Satellite imagery reveals that at least a quarter of the Amazon rainforest is on fire or covered in soot and ash across the four Brazilian Amazonian states: Amazonas, Rondônia, Mato Grosso and Pará.
A combination of dry summer heat exacerbated by climate change, planned burnings and expanded deforestation of the Amazon rainforest has sparked at least 9,507 new wildfires in the region in the past week, for a total of more than 74,155 wildfires in the Amazon since January. According to data from Brazil’s National Institute for Space Research (INPE), this represents an 84 percent increase in Amazon fires from last year and the highest number of wildfires in the region since the agency began its records in 2013.
Cities across the region were blanketed with smoke, including Brazil’s largest city São Paulo, where wildfire smoke from Rondônia, Bolivia and Paraguay combined with dense rain clouds and a cold front which blotted out the Sun and brought nighttime lighting hours early. Amazonas declared a state of emergency on August 9 and residents across South America have been encouraged to stay indoors, particularly those with respiratory problems, heart or lung diseases.
While wildfires are a part of the life cycle of the Amazon, the massive increase in the number of fires this year is a direct result of the policies of Brazilian President Jair Bolsonaro. Since coming into office, Bolsonaro has sought to increase the exploitation of the rainforest so that Brazil’s agricultural and mining industries can better compete on the global market, including an increase in logging and burning and a massive reduction in monitoring and oversight of these activities.
These policies are guided by “the new hopes for the Homeland: Brazil above everything!” a slogan uncovered in documents recently leaked to the online news site democraciaAbierta. They reveal that one of Bolsonaro’s major initiatives will be the so-called “Triple-A” project, which states, “it is necessary to build the Trombetas River hydroelectric plant, the Óbidos bridge over the Amazon River, and the implementation of the BR-163 highway to the border with Suriname.” Bolsonaro has also previously stated that he plans to bring nuclear power into the rainforest.
All of these projects will require major inroads into the Amazon, destroying hundreds of thousands of acres of rainforest. They also represent an attack on the one million indigenous people who live in the rainforest and have relied on it for millennia, whom the Brazilian president has specifically targeted for forced integration into capitalism, even if it means their extermination.
Bolsanaro responded to the wildfires in typically fascist fashion, by claiming without any evidence that they were started by nongovernmental organizations supported by foreign powers opposed to his policies. In an interview given at the entrance to the Alvorada Palace, the official residence of the president of Brazil, he stated that environmental protection NGOs are trying to discredit his government after he cut funding to the Amazon Fund. During the same interview, he also threatened to use Brazil’s military to catch the supposed arsonists.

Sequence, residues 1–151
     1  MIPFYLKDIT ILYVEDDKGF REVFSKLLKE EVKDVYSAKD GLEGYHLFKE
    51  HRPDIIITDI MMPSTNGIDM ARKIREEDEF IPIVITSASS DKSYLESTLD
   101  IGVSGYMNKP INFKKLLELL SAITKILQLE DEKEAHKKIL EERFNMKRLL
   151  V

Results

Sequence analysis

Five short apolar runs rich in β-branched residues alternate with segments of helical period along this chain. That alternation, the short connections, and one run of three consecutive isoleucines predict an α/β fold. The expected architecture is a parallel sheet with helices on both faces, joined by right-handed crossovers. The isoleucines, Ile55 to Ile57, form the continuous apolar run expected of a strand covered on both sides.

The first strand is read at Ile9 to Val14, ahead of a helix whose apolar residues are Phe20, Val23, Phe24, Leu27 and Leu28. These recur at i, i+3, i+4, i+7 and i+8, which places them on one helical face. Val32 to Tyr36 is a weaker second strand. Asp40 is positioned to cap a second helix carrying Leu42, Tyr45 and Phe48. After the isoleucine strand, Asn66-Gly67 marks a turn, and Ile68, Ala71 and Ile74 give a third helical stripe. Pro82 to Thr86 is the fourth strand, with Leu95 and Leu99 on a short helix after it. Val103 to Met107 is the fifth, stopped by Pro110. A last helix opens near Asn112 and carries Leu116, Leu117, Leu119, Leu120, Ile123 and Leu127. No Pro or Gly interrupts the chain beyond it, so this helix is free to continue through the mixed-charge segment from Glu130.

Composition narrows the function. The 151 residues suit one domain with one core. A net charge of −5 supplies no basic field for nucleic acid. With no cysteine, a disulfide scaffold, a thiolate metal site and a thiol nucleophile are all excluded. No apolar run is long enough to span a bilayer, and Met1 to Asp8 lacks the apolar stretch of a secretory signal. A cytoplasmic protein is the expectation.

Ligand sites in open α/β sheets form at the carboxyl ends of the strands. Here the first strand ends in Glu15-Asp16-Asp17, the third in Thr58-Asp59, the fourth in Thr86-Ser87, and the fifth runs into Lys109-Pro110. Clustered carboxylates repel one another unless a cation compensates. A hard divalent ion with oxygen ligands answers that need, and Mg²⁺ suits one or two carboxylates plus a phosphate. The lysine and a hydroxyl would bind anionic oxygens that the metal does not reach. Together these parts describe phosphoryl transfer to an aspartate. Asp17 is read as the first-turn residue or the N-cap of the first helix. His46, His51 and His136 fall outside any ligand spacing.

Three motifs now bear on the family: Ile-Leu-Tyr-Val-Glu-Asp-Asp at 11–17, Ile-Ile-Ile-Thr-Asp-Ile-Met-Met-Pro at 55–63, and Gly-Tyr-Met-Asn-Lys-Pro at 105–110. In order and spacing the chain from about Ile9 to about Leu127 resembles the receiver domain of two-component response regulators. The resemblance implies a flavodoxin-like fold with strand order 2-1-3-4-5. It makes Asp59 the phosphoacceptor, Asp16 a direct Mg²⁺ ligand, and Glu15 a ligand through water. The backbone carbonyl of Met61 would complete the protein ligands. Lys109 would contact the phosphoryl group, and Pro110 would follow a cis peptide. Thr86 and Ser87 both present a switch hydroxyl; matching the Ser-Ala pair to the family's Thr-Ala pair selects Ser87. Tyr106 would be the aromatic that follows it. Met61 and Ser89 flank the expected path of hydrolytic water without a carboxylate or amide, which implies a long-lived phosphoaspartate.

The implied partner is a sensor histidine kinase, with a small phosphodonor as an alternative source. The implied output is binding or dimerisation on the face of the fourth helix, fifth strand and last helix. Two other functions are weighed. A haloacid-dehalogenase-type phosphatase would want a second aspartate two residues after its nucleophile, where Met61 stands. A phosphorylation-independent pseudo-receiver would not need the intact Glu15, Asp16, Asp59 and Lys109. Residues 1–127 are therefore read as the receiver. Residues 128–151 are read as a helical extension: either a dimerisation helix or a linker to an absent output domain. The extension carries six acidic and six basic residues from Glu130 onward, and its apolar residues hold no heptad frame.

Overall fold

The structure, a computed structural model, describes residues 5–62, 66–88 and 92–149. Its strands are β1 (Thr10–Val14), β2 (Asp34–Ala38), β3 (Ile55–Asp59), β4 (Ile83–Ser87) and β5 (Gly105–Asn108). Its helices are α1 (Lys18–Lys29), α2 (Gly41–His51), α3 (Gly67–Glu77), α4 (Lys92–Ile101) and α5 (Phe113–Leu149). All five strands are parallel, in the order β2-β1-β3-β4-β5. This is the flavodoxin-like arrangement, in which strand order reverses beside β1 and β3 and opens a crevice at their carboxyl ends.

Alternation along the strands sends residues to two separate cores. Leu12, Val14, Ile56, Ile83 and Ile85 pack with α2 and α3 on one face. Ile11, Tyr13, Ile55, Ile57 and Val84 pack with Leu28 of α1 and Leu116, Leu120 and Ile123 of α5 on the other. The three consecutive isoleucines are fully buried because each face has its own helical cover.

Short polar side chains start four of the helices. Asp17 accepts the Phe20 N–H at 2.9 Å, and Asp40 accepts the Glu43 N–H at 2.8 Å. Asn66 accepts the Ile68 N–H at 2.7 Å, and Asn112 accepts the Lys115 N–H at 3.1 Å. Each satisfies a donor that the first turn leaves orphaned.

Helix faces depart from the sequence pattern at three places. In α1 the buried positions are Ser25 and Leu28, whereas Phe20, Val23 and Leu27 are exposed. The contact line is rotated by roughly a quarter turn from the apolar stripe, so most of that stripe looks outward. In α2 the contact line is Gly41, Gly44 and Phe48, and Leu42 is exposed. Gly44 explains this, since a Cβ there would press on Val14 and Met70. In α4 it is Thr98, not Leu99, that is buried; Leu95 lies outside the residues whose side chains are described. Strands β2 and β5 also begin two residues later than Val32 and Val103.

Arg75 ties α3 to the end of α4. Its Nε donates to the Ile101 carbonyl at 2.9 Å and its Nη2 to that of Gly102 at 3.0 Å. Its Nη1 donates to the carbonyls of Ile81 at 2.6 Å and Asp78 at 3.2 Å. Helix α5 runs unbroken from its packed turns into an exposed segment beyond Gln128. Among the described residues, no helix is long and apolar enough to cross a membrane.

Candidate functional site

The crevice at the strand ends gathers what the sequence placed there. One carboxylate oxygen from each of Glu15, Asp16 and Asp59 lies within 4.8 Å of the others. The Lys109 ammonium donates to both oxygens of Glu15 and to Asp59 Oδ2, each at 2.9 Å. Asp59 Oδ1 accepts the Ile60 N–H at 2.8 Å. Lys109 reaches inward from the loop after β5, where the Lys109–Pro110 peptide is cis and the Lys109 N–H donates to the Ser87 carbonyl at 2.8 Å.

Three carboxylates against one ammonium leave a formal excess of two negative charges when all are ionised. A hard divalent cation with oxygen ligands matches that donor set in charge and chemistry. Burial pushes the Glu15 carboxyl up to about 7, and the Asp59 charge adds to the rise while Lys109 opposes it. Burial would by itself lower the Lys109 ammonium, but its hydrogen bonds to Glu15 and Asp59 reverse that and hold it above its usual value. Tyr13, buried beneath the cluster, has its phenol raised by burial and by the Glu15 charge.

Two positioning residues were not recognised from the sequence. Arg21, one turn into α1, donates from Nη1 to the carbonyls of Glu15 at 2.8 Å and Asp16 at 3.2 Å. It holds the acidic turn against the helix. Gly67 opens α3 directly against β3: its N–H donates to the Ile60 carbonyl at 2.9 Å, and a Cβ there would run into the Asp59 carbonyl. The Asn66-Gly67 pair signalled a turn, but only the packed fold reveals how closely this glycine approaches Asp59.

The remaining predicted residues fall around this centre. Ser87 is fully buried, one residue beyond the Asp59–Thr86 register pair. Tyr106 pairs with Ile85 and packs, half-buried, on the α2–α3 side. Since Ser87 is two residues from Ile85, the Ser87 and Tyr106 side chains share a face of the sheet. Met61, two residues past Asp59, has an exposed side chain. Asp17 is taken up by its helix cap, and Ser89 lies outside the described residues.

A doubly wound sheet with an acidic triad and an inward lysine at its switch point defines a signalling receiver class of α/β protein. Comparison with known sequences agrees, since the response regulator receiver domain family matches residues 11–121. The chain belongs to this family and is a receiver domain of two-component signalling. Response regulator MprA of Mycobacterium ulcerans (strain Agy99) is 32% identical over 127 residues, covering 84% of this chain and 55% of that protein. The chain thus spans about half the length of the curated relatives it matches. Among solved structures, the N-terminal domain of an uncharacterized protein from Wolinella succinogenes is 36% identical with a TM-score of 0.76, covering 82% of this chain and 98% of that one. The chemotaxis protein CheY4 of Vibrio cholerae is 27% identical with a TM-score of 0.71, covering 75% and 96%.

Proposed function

In another attempt to shift blame of his administration’s policies, the Brazilian president fired the head of the INPE on August 2 for publishing this year’s Amazon wildfire data in the first place. The INPE also produced data showing that this year is not particularly dry or hot when compared to previous years or other mass wildfires in the Amazon, pointing indirectly to the impact of the current administration’s antienvironmental policies. Bolsonaro called the data “lies” that were harmful to the country’s ongoing trade negotiations.
He also attempted to brush aside the significance of the environmental disaster by stating that the fires were merely a part of “queimada,” the time of year when farmers use fire to clear land for crops. When pressed about destruction currently underway, Reuters reports that Bolsonaro responded, “I used to be called Captain Chainsaw. Now I am Nero, setting the Amazon aflame.”
Bolsonaro’s response is indicative of the attitude of an entire social layer toward Earth’s environment. The pyromaniac dinosaurs in Brasilia and their fascistic co-thinkers the world over, chief among them US President Donald Trump, do not see the loss of one of the world’s most critical ecosystems as a devastating event, but rather as the cost of doing business to further enrich themselves and their fellow oligarchs.
The deforestation of the Amazon as a whole, which began in the 1970s, has potentially catastrophic implications for life both in South America and across the globe. The rainforest is responsible for 20 percent of Earth’s atmospheric oxygen and typically absorbs 1.5 gigatons of carbon a year, a major factor in regulating Earth’s atmosphere and climate. The region also contains an estimated one-fifth of the world’s fresh water supply.
It is also home to hundreds of recorded species of mammals, reptiles and amphibians, thousands of different birds and fishes, tens of thousands of different plants, millions of insects and countless lifeforms that have yet to be discovered. To date, a quarter of all pharmaceutical drugs have been derived from ingredients found in the Amazon rainforest.
Moreover, research has shown that deforestation is not a linear process and is poised to cascade. While current deforestation of the Amazon stands at about 17 percent, if it reaches between 20 and 25 percent, the entire ecosystem will begin transforming into a savannah or desert, essentially killing off the most biologically diverse region on Earth.